NextEra Energy to Build Its First Green Hydrogen Plant in Florida

Florida_Beach_Coast_XL_Shutterstock_721_420_80_s_c1The emerging green hydrogen market could open new opportunities for NextEra to use its renewable power.


Largest U.S. renewables generator “really excited” about green hydrogen, reveals plans for $65 million pilot plant for Florida Power & Light.

NextEra Energy is closing its last coal-fired power unit and investing in its first green hydrogen facility.

Through its Florida Power & Light utility, NextEra will propose a $65 million pilot in the Sunshine State that will use a 20-megawatt electrolyzer to produce 100 percent green hydrogen from solar power, the company revealed on Friday.

The project, which could be online by 2023 if it receives approval from state regulators, would represent the first step into green hydrogen for NextEra Energy, by far the largest developer and operator of wind, solar and battery plants in North America.

“We’re really excited about hydrogen, in particular when we think about getting not to a net-zero emissions profile but actually to a zero-emissions carbon profile,” NextEra Energy CFO Rebecca Kujawa said on Friday’s earnings call.

“When we looked at this five or 10 years ago and thought about what it would take to get to true zero emissions, we were worried it was extraordinarily expensive for customers,” Kujawa said.

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“What makes us really excited about hydrogen — particularly in the 2030 and beyond timeframe — is the potential to supplement a significant deployment of renewables [and energy storage]. That last amount of emissions you’d take out of the system to get down to zero could be most economically served by hydrogen.”

Green hydrogen plans taking off around the world

Although still in its infancy as a market, the concept of green hydrogen is rapidly catching on globally as a potentially viable way to fully decarbonize energy systems, taking them beyond where simple renewable power generation alone can go even at very high penetrations.

The green hydrogen produced by Florida Power & Light’s electrolyzers would be used to replace a portion of the natural gas that’s consumed by the turbines at FPL’s existing 1.75-gigawatt Okeechobee gas-fired plant, Kujawa said. The electricity will come from solar power that would otherwise have been “clipped,” or gone unused.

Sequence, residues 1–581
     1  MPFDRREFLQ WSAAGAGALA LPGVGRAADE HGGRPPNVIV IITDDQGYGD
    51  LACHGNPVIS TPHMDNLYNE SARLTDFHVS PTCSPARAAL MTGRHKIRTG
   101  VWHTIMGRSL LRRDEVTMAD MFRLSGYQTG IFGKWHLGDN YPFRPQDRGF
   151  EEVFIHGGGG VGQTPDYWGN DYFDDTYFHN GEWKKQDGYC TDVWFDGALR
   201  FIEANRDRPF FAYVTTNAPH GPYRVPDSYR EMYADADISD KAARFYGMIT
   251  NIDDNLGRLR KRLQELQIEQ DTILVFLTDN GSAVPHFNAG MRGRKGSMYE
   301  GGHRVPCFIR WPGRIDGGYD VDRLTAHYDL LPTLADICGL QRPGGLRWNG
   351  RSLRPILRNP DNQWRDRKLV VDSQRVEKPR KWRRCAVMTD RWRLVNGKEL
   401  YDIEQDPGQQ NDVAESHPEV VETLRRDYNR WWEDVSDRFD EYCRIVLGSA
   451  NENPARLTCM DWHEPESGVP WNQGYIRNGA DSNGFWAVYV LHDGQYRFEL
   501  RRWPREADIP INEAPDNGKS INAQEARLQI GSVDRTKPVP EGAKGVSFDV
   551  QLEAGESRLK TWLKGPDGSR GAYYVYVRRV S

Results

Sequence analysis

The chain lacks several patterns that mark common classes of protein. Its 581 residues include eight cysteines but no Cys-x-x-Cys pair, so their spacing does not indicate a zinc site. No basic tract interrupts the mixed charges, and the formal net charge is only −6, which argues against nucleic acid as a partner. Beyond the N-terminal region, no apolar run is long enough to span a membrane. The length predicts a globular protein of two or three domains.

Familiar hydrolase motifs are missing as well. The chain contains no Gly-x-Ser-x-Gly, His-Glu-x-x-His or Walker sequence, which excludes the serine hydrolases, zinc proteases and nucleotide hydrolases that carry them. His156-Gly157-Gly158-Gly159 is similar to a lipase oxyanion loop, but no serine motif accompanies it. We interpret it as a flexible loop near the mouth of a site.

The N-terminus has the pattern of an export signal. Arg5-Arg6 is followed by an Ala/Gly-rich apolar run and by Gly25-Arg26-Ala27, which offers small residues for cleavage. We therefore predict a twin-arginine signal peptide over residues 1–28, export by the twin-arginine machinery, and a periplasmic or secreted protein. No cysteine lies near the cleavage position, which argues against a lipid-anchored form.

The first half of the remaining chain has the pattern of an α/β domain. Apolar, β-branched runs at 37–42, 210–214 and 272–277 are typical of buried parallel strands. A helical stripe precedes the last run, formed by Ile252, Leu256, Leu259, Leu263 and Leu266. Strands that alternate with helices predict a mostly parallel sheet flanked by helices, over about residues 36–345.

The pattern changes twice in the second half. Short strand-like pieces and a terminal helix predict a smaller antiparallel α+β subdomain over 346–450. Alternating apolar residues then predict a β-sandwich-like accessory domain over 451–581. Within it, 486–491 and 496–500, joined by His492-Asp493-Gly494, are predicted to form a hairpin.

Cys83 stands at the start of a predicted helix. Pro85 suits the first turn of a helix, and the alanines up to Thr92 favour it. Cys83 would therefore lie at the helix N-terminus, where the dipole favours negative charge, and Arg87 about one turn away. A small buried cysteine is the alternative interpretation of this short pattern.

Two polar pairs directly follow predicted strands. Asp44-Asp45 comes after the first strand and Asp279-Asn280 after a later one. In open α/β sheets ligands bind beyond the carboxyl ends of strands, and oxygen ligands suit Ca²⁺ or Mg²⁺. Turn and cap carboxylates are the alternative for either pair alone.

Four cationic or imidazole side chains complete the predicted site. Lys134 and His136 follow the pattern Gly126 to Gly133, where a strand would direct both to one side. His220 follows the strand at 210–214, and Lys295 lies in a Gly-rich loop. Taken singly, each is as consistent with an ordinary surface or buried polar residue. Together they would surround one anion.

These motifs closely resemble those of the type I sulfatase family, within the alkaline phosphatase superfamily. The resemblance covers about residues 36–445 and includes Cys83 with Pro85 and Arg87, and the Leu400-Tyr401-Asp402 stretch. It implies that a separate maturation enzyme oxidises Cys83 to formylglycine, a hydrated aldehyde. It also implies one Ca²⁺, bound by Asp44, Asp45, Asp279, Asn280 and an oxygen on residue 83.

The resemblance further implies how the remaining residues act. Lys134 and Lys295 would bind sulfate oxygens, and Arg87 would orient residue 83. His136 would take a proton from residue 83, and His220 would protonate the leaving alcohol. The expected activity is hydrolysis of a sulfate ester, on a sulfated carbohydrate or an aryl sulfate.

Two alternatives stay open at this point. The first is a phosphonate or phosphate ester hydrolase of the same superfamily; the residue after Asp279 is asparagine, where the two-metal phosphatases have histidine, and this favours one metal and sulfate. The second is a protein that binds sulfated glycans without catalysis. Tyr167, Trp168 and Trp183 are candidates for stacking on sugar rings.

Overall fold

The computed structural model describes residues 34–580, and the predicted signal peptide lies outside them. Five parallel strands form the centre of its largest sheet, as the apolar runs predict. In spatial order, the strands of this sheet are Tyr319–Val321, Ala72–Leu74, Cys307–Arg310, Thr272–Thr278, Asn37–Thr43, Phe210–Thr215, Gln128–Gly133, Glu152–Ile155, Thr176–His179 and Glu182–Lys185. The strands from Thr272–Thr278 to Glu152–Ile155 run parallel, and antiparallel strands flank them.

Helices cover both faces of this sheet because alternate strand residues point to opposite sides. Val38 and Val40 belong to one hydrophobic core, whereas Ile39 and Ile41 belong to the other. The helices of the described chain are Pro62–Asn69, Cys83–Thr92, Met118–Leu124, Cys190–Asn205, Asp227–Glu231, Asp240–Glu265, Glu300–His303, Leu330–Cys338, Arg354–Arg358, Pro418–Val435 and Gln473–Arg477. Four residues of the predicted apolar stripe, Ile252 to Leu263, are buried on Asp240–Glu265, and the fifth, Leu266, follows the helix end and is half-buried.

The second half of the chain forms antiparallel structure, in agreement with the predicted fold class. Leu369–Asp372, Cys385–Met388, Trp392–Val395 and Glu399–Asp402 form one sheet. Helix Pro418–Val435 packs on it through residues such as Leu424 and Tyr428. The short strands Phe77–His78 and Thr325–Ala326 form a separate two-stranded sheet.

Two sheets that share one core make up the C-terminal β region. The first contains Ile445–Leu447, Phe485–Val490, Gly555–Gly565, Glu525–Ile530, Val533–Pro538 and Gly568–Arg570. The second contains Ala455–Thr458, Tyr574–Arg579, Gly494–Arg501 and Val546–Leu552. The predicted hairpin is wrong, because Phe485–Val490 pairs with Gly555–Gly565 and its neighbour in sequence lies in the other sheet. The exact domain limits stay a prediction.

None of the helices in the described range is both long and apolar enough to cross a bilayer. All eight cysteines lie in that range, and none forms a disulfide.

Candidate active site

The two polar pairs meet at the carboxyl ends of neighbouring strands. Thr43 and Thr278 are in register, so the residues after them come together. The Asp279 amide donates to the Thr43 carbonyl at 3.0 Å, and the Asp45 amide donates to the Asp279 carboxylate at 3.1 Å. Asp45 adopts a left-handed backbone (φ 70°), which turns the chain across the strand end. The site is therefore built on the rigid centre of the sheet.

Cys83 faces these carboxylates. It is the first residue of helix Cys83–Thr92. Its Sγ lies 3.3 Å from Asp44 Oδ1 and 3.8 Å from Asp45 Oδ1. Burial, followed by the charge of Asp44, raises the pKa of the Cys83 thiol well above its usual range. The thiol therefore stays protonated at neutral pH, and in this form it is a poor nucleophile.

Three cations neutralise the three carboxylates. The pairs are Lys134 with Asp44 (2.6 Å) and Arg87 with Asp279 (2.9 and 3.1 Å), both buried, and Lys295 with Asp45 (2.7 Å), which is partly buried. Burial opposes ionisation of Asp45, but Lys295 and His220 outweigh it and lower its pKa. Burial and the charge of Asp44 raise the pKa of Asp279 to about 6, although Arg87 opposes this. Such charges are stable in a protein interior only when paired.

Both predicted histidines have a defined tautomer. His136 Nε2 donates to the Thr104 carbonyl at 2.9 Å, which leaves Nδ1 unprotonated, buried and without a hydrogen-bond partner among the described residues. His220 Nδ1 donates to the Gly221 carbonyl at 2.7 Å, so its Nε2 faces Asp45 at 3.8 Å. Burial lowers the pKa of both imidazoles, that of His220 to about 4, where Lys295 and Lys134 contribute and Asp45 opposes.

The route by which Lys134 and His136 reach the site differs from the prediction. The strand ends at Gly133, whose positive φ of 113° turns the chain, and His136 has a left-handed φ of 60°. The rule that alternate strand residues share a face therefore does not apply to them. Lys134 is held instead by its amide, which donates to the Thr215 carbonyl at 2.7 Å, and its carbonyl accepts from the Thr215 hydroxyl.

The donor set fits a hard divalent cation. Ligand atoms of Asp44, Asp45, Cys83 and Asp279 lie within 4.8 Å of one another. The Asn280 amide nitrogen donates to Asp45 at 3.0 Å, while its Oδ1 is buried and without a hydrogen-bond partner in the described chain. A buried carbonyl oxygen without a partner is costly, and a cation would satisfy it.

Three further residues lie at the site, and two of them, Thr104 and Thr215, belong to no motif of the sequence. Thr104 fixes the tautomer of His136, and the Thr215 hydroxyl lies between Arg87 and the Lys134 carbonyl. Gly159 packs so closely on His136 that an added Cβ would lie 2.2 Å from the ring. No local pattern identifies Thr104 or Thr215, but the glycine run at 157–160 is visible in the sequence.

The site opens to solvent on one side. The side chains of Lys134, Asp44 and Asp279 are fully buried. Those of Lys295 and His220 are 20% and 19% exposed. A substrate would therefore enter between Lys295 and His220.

If the hydrogen economy scales up and green hydrogen becomes economic, Florida Power & Light would likely retrofit some of its gas facilities to run wholly or partially on hydrogen, Kujawa said.

Most of the vast quantities of hydrogen produced globally today use fossil fuels as a feedstock, generating substantial emissions in the process. In contrast, green hydrogen is made using renewables to power the electrolysis of water, throwing off no CO2 emissions.

Whichever way it’s produced, hydrogen can be used for a variety of purposes, from swapping in for natural gas in thermal power plants to powering fuel cells used to move cars and ships. (For more background, read GTM’s green hydrogen explainer.)

The EU recently set a target of installing 40 gigawatts of electrolyzers within its borders by 2030 to produce green hydrogen, as it charts a path to net-zero.

Air Products, the world’s leading hydrogen producer, recently announced a massive green hydrogen plant to be built in Saudi Arabia, powered by 4 gigawatts of wind and solar. And last week California-based fuel-cell maker Bloom Energy sent its shares soaring by announcing its launch into the commercial hydrogen market.

For NextEra, hydrogen represents not only an opportunity to help decarbonize its FPL utility but also a potential new market for the wind and solar power it generates across North America.

NextEra will start with the same “toe in the water” approach it took with solar and batteries, Kujawa said. “While the investments are expected to be small in the context of our overall capital program, we are excited about the technology’s long-term potential, which should further support future demand for low-cost renewables as well as accelerating the decarbonization of transportation fuel and industrial feedstocks.”

Florida Power & Light’s push into green hydrogen comes just weeks after the utility announced it plans to exit its 847-megawatt portion of Georgia’s Plant Scherer, the largest operating coal-fired power plant in the U.S. — and the last remaining coal unit in NextEra’s portfolio.